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Over the past few years, several methods were developed to deal with the pleiotropic effect of instrumental single-nucleotide polymorphisms (SNPs) in Mendelian randomisation (MR) analysis, such as inverse variance-weighted (IVW), MR Egger, the weighted median,3 weighted (simple) mode-based4 and Mendelian Randomization Pleiotropy RESidual Sum and Outlier (MR-PRESSO).5 However, the limitation of each method should be acknowledged.6 The weighted median method estimated some SNPs as invalid instruments, but still kept at least half were valid instruments for the causal effect estimate to be unbiased. The advantage of this approach was the improved precision with reduced type 1 error compared with MR Egger, but less accuracy of IVW. In our study, we applied all the methods mentioned above, and the results complemented with each other that PsA had no causal effect on low bone mineral density (BMD).
However, in the large-scale observational study with UK biobank dataset, we found that PsA somehow associated with low BMD. Therefore, we started to think about how the inconsistent results between MR analysis and observational study could be explained. We speculated some secondary factors such as physical activity and medication treatments (methotrexate and ciclosporin) could rise this observational association, but this association was not genetically determined.7 In the following conditional analysis and mediation analysis, we indeed observed that medication treatments might be the secondary factor causing the observational association. Therefore, we suggested that patients with PsA should be screened for BMD and proper management should be provided to reduce the fracture risk, especially for those who received treatment with methotrexate or ciclosporin. However, large-scale randomised controlled trial study was still needed to clarify the adverse effect of the methotrexate treatment. And we agreed that we should balance the treatment effect and the adverse effect of methotrexate.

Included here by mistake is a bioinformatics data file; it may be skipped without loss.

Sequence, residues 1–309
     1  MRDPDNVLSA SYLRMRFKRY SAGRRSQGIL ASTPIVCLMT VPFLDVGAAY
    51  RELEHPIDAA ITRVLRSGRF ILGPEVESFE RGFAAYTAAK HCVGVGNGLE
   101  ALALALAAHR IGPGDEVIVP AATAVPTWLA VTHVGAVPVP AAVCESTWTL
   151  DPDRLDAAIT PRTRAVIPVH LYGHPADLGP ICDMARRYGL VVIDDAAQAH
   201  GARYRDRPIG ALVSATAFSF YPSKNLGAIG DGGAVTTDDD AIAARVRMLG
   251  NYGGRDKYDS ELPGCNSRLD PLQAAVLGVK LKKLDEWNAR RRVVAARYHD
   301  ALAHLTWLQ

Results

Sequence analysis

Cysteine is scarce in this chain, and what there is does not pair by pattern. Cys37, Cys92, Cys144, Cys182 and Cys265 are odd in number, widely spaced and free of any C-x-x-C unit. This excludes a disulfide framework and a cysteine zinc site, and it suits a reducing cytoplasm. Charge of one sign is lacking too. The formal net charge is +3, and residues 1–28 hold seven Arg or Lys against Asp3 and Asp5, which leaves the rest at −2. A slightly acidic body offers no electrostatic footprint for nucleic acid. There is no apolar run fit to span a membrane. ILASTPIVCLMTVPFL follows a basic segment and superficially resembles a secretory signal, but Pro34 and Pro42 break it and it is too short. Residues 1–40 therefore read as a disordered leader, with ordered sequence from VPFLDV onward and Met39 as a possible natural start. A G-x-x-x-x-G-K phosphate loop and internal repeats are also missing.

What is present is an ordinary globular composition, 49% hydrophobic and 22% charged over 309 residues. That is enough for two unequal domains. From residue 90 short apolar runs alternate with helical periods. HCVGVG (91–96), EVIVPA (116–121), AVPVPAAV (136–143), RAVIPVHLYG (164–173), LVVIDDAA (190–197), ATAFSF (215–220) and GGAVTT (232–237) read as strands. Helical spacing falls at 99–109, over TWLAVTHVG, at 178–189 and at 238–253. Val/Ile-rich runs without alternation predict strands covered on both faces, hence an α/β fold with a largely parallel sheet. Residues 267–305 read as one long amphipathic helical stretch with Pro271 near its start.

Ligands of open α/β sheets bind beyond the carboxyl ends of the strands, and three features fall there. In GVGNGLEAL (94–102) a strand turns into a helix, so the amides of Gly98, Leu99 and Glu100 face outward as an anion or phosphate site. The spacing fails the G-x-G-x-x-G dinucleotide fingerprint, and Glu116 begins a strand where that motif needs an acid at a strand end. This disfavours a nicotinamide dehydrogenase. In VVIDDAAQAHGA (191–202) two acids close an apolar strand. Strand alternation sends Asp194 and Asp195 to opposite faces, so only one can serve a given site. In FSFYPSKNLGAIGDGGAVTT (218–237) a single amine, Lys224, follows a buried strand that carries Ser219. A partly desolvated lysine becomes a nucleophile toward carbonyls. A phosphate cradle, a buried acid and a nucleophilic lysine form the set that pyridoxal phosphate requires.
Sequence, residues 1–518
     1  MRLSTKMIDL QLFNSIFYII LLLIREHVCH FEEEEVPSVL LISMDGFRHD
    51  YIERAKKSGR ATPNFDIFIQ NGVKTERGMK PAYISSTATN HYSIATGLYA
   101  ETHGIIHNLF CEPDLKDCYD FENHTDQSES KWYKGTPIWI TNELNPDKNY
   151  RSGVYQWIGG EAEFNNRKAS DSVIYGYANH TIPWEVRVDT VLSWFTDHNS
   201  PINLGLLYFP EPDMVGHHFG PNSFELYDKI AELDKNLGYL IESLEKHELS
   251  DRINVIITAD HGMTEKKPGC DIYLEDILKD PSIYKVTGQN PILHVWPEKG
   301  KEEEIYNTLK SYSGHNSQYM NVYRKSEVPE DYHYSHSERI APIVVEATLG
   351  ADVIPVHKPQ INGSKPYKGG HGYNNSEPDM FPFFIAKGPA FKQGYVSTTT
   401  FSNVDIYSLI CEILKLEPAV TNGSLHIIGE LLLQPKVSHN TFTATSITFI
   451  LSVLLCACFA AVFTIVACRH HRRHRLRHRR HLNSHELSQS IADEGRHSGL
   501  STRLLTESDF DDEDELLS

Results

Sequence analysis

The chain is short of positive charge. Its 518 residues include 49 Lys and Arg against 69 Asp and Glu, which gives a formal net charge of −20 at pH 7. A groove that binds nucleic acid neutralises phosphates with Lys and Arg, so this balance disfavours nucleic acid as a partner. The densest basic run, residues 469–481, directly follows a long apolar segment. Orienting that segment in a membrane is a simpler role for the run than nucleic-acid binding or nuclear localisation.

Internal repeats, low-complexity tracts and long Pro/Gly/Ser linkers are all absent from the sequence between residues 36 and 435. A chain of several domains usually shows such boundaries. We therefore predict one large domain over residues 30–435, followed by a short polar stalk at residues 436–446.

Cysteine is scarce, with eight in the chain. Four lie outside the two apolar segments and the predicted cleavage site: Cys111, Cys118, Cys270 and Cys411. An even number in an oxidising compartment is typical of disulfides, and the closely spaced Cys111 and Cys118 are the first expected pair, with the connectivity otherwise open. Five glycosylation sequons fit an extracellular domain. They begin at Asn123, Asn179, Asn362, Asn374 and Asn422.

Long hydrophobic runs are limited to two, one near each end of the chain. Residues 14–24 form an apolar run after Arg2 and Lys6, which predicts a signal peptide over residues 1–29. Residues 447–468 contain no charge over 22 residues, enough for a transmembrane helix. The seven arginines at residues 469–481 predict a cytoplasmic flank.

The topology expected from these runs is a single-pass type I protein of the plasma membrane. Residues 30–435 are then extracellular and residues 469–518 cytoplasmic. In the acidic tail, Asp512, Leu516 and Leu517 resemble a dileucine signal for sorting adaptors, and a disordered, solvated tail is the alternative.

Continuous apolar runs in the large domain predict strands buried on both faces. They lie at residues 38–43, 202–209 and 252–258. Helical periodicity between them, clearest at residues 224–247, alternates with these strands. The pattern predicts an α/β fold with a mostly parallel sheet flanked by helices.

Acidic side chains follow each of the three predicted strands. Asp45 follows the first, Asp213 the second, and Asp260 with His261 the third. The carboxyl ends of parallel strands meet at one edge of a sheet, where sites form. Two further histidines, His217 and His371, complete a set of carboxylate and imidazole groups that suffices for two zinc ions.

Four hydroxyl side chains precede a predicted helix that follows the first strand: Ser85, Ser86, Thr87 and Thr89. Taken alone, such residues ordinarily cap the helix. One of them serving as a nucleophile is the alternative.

In addition, we used quantitative ultrasound estimated BMD at heel as the outcome in our study. Although previous studies showed that quantitative ultrasound was also proven as a good predictor for the fracture risk,8–11 BMD measured by dual-energy X-ray absorptiometry (DXA) was the golden standard in clinical practice. In UK biobank, only about ~5000 individuals had been measured by DXA; it is worth to check the association between PsA and BMD in the future if the DXA data are available for the ~500 000 individuals.
Handling editor Josef S Smolen
Contributors All authors contributed to the conception and drafting of the manuscript. All authors provided critical revision and final approval.
Funding This work was supported by the National Natural Science Foundation of China (81871831) and by the Zhejiang Provincial Natural Science Foundation for Distinguished Young Scholars of China (LR17H070001).
Competing interests None declared.
Patient and public involvement Patients and/or the public were not involved in the design, or conduct, or reporting, or dissemination plans of this research.
Patient consent for publication Not required.
Provenance and peer review Commissioned; internally peer reviewed.
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